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> > I don't want to seems stubborn, but some days ago I asked a question
> > went unnoticed, so I ask again :-)
> I did answer you!
> > > The stand-alone Lua executable has the -c option, to "call lua_close
> > > after running all arguments". For me, I have to put this option
> > > systematically. So why is this an option? In which cases it can be
> > > unnecessary, or even troublesome, to use it?
> > 
> > In several "common" platforms (such as most Unixes and Windows) you
> > get nothing by closing the state, as all resorces (memory and file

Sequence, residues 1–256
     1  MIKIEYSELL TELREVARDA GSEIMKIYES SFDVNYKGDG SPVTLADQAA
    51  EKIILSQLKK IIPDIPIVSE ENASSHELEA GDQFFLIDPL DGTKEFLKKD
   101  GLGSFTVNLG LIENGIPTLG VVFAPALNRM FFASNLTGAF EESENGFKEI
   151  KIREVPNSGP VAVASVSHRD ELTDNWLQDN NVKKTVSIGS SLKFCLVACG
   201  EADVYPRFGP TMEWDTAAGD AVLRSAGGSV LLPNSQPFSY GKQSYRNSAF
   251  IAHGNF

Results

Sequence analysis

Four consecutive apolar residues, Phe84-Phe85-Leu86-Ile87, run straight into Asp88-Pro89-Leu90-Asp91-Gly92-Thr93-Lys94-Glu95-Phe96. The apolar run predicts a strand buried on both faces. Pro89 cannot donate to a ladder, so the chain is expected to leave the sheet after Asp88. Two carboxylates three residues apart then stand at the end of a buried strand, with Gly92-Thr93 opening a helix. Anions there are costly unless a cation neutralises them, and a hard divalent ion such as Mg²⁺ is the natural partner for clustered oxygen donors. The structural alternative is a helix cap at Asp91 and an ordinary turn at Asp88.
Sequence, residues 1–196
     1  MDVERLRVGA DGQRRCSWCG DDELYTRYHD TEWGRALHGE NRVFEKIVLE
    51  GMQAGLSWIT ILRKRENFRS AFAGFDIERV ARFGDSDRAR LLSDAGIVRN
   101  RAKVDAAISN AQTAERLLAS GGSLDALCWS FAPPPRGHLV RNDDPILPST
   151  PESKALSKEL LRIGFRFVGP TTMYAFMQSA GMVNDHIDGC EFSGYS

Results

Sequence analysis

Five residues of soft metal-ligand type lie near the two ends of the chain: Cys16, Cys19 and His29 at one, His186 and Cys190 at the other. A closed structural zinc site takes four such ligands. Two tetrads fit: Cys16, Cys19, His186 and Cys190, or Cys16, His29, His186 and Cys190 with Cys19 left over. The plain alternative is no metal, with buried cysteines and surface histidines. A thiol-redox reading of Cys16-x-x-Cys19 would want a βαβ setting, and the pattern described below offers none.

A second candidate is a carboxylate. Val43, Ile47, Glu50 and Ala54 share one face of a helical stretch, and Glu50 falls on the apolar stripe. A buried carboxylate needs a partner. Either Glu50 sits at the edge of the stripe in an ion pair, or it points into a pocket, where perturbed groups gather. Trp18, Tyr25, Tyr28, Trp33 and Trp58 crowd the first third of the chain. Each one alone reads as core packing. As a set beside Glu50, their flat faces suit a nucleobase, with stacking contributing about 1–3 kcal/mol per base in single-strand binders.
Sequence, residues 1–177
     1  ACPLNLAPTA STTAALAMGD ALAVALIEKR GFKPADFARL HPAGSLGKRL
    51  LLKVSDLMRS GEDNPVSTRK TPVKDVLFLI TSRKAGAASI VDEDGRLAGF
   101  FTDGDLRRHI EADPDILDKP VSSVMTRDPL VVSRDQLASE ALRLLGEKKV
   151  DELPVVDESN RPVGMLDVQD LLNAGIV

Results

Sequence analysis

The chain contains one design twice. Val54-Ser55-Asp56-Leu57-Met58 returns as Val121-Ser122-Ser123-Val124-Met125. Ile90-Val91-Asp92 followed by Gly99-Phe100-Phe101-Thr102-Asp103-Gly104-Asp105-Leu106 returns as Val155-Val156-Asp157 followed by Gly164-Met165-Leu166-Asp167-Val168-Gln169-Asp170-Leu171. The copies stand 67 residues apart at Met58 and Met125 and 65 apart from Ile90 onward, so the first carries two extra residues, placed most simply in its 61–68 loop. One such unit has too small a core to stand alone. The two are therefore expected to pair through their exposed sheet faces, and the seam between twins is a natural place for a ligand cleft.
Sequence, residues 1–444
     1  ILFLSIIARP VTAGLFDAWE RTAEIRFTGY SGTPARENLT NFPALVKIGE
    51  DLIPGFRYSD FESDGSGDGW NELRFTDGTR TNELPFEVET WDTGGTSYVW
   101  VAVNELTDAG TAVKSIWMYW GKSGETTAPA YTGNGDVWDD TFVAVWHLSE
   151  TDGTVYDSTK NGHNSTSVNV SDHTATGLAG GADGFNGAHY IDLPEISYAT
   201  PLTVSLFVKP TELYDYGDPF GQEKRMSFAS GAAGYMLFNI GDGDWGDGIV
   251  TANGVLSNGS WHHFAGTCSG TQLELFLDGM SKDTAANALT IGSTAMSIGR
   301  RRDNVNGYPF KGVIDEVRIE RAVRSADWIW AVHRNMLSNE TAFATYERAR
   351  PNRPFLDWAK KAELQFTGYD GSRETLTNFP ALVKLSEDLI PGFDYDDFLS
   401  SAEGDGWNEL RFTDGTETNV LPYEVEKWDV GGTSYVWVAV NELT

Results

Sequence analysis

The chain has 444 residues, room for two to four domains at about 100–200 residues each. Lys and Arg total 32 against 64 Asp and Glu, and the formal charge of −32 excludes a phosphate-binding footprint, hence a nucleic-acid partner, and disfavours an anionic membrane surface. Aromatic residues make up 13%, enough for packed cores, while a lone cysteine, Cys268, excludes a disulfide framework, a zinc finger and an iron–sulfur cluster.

> > descriptors) are automatically released by the system when the program
> > ends.
> > 
> > On the other hand, closing a large state takes some time, as Lua has to
> > release all memory it was using.
> > 
> > -- Roberto

Oops, sorry, I must have forgotten it or read it too fast :-(

Thank you for having the patience to quote yourself.

Note that I don't think Windows releases automatically allocated memory, as
somebody reported memory leaks because he didn't knew the -c switch.
Windows closes file descriptors, but we still have to clean the memory after
ourselves. That's why Windows systems become instable after some time when
running bad applications: as they leak memory, the available resources are
slowly eaten.
That's why we have BoundsChecker, Purify, etc. :-)

Can I make a suggestion to put your quote in the new manual? Thank you.


Philippe Lhoste (Paris -- France)
Professional programmer and amateur artist

GMX - Die Kommunikationsplattform im Internet.